Thursday, August 27, 2015

The At Large 2 contest

Once more, your choices on the ballot in November from the city's filings page, listed in alphabetical order by last name, and links to those candidate web pages where they exist.

Let's begin by recounting that just two years ago, Robinson defeated then-incumbent Burks in a squeaker of a runoff, 50.7% to 49.3, or a margin of less than 500 votes out of 52,000+ cast.  In the general that year, Robinson led with 41.2% followed by Burks with 38.2, Rivera with 16.3 and Trebor Gordon with 6.3. Gordon was rumored to file but did not, so the stage is set with Davis, a black pastor virulently opposed to HERO, replacing the Republican Gordon.

In 2011, when this seat was open, ten challengers split the vote, with Burks -- a perennial loser in City Hall elections to that point -- finishing first in the general, followed closely by Kristi Thibaut.  Robinson came in fourth that year, and Dick seventh.  Burks prevailed in December in a similarly close runoff election, 50.2 - 49.8, or just 111 votes.

Attorney Dick ran for mayor in 2013 and clocked in a solid third, well behind behind Annise Parker and Ben Hall but ahead of six others including a Green and a Socialist candidate, with over 18,000 votes out of 172,448 cast, or 10.6% of the tally.  (See the link above in the second graf for more details if you like.)  Dick also seems to like to run for political office more to boost the fortunes of his law firm than actually get elected, ever since his signs debacle a few cycles ago.

In a non-bathroom election year, you'd have to score a rematch with Robinson and Burks as the most likely outcome for a runoff.  But Dick and especially Davis complicate matters, with their distinct conservative supporters unlikely to switch away from their preferred candidate until the runoff dust is settled.  Rivera, a resident of Kingwood with a lengthy military background and a longtime Republican as well, completes the list of conservatives trying to win this office.  Latinos turning out for Garcia might know nothing about him and mark him on the basis of surname alone.

Burks has a Facebook page that saw its last update in March, with sad tales of knee replacements and broken arms and the passing of his mother.  His former campaign website,, returns a 404 on direct link, but the Yahoo search listing redirects to a domain hawking garcinia cambogia as a weight loss supplement.  And from deep in the bowels of the Internet, a site which looks current but only lists his political campaigns up to 2001 ("at present").  Still, none of this sort of thing held him back in 2011.  Though a nominal Democrat, Burks's record  is a fairly conservative one.  His HERO position is unclear.*  That isn't the case with Davis or Rivera or Dick, so expect the Republicans and social conservatives among the black Dems to be divided in their allegiances in this tilt.  No one of them can likely best Robinson -- a solid Democrat and quiet but effective council member with no philosophical challenger -- but a runoff with one of them, and the HERO vote in the record books, might be a different circumstance.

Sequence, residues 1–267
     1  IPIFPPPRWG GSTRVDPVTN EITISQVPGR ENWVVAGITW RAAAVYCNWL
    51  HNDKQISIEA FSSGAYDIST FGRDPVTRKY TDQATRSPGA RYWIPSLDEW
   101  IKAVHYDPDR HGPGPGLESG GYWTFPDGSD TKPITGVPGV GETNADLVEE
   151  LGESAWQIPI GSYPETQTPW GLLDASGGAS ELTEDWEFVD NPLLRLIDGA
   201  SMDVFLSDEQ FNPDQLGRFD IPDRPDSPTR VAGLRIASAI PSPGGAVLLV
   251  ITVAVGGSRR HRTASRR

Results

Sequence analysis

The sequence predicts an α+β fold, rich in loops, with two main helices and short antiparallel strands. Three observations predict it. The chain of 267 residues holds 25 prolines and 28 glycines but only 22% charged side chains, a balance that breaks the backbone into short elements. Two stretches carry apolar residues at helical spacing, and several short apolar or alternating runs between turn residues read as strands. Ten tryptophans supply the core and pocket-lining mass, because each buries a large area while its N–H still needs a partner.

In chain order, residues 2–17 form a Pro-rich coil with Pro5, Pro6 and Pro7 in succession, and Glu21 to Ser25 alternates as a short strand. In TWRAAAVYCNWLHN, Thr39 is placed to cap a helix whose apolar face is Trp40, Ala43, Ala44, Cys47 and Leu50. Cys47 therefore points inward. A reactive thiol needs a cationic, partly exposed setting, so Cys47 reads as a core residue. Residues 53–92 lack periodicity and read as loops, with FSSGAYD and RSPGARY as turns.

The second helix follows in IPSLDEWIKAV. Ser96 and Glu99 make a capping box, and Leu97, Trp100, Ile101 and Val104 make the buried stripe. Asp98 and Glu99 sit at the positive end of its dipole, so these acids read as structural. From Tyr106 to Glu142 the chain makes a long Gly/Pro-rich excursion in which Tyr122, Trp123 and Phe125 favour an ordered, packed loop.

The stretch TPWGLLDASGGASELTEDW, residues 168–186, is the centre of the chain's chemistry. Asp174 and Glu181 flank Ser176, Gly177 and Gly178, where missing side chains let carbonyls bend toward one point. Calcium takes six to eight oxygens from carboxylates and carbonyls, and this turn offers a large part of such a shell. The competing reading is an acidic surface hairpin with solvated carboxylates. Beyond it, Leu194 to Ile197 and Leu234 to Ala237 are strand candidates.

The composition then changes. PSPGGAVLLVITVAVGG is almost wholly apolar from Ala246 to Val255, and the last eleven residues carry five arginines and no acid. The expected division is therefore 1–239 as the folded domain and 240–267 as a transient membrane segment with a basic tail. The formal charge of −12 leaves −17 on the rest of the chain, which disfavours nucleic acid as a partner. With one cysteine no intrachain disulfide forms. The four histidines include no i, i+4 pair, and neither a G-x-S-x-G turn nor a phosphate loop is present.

No bets taken on who might wind up facing the incumbent in December.  It all depends on how well the various conservative constituencies turn out their voters.

Prediction for the general: Robinson may be able to avoid a runoff if the black vote splits between Burks and Davis; even if it does then one of the two others could join him in the finals.  Strong liberal turnout for HERO gets him over the bar without one.

*See Charles Kuffner's remarks in the comments.

1 comment:

Charles Kuffner said...

Pretty sure Burks was a HERO repeal petition signer. Check with Brad Pritchett or Noel Freeman, they can confirm or deny this.